In general, all the money gets made and spent close to home. Even if the cost is high, it's a much better net to produce locally than to send money overseas. This is no small thing -- it's why the oil belt down the center of the country is doing better economically than other areas.

Many will decry the long-term effects of hoz drilling, but it's undeniably an economic boon to those involved anywhere in the process. Practically speaking, it's not going to stop and it's probably not even going to slow down. All hydrocarbons will be burnt -- slower or faster maybe, but inevitably. Might as well jump on board and enjoy it while it lasts.

Paleo - "...but it's undeniably an economic boon to those involved anywhere in the process." And that's exactly the source of much of the strife in the NE IMHO. I still throw PA out as the best example. The companies, workers and royalty owners get a payoff for what risks and inconveniences they accept. But other than a theoretical gain in local NG supplies down the road not much benefit to other citizens. And the supply gain doesn't mean a lot if you or your utility don't burn NG. Even those citizens in Texas and La. that haven't gained directly from oil/NG drilling have gained a lot: $trillions in production severance tax over the decades. At one time the ST and royalty revenue to the Texas covered almost the entire cost of the university system. When I was in grad school at Texas A&M my tuition ran just a few hundred $'s per semester.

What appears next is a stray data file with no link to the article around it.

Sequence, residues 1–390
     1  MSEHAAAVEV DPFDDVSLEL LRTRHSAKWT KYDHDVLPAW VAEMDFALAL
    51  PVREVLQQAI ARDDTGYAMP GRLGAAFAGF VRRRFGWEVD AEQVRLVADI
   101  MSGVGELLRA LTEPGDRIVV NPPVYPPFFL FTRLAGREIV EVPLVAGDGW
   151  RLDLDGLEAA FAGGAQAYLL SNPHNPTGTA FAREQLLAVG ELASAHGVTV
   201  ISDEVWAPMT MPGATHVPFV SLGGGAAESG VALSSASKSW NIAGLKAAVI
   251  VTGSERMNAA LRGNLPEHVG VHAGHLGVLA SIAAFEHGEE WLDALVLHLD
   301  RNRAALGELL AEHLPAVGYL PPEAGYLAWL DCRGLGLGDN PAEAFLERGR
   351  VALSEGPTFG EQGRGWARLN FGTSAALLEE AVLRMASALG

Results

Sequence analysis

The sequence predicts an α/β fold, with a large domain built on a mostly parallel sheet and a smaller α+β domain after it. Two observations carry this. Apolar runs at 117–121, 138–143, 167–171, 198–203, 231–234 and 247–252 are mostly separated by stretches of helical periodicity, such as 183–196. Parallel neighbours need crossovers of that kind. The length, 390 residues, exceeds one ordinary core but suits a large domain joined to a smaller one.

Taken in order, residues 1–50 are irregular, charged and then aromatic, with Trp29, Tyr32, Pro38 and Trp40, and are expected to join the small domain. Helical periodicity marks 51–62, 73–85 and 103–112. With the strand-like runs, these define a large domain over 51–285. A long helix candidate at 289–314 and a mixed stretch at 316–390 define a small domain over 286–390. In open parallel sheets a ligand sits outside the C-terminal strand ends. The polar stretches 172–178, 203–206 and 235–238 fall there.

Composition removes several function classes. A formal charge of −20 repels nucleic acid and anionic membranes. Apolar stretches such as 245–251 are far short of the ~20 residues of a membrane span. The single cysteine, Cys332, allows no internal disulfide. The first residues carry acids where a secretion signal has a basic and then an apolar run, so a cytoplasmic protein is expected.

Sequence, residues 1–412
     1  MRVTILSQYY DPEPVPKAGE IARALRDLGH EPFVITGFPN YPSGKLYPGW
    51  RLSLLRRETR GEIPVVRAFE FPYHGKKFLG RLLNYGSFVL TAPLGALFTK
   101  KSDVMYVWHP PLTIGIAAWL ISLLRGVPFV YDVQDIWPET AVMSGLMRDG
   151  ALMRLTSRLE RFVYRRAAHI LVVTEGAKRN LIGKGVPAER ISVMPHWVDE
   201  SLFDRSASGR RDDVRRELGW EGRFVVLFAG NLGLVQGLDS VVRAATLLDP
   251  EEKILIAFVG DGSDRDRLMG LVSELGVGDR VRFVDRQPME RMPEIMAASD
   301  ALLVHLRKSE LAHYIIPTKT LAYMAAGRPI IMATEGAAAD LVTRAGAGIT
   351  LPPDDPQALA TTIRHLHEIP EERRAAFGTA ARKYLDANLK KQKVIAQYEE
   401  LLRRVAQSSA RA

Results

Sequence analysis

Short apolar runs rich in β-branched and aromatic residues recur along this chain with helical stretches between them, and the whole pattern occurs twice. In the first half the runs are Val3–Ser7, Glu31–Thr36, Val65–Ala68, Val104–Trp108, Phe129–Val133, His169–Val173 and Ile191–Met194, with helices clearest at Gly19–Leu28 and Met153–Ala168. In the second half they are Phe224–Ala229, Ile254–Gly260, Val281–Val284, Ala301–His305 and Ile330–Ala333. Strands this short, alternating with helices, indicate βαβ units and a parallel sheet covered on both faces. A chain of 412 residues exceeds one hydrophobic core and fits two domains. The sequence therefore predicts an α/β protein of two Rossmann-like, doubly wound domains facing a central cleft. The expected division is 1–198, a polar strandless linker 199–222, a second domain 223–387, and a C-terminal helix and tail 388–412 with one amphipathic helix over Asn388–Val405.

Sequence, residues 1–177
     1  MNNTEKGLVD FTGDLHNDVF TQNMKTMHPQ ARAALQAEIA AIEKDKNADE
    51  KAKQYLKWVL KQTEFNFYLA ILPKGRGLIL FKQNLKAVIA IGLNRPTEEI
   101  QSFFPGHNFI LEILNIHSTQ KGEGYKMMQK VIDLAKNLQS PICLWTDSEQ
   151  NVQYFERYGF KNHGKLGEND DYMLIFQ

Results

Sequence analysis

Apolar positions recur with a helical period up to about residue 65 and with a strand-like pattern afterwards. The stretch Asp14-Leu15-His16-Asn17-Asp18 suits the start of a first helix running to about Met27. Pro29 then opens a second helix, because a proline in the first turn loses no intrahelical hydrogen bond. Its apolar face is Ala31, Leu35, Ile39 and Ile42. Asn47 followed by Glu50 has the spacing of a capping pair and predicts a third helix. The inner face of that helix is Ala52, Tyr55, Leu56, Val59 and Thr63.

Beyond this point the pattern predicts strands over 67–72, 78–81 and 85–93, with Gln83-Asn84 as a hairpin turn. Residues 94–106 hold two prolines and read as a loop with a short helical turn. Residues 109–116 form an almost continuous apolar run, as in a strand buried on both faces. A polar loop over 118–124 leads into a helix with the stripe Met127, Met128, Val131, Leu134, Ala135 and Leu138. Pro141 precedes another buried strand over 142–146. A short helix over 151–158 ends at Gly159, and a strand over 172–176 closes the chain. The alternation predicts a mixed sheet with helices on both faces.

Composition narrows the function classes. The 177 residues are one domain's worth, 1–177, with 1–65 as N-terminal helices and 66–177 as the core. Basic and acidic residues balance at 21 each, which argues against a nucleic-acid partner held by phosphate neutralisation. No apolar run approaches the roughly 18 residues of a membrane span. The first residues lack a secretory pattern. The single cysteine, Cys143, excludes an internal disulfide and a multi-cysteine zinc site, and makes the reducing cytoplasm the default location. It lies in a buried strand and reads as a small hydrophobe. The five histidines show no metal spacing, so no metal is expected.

But PA, the land of Col. Drake and the first oil well drilled in the US, has never collected one penny of ST and still doesn't. I saw an estimate that if the state of PA and it's counties collected the same ST as Texas they would be pulling in several hundred $million per year just from the Marcellus play. Such income wouldn't pull everyone onto the frac'ng band wagon but at least many would feel some satisfaction. I don't enjoy paying ST. OTOH it doesn't bother me and, more important, has never stopped me from drilling a well...never.

PA...wake up and tax the bastards! LOL.

Shhh, don't tell people!

What if they knew that transport from the gasfields of the central US to the NE cost almost $1/mmf, and that the Marcellus fields thus enjoyed a larger margin for gas sales to the consumption areas of the East Coast? Let's just go lease up the land quietly, drill some wells, dump some fluids in the city drains, pump cheap, sell dear, and bring our dollars home to God's country.

Those silly Yankees!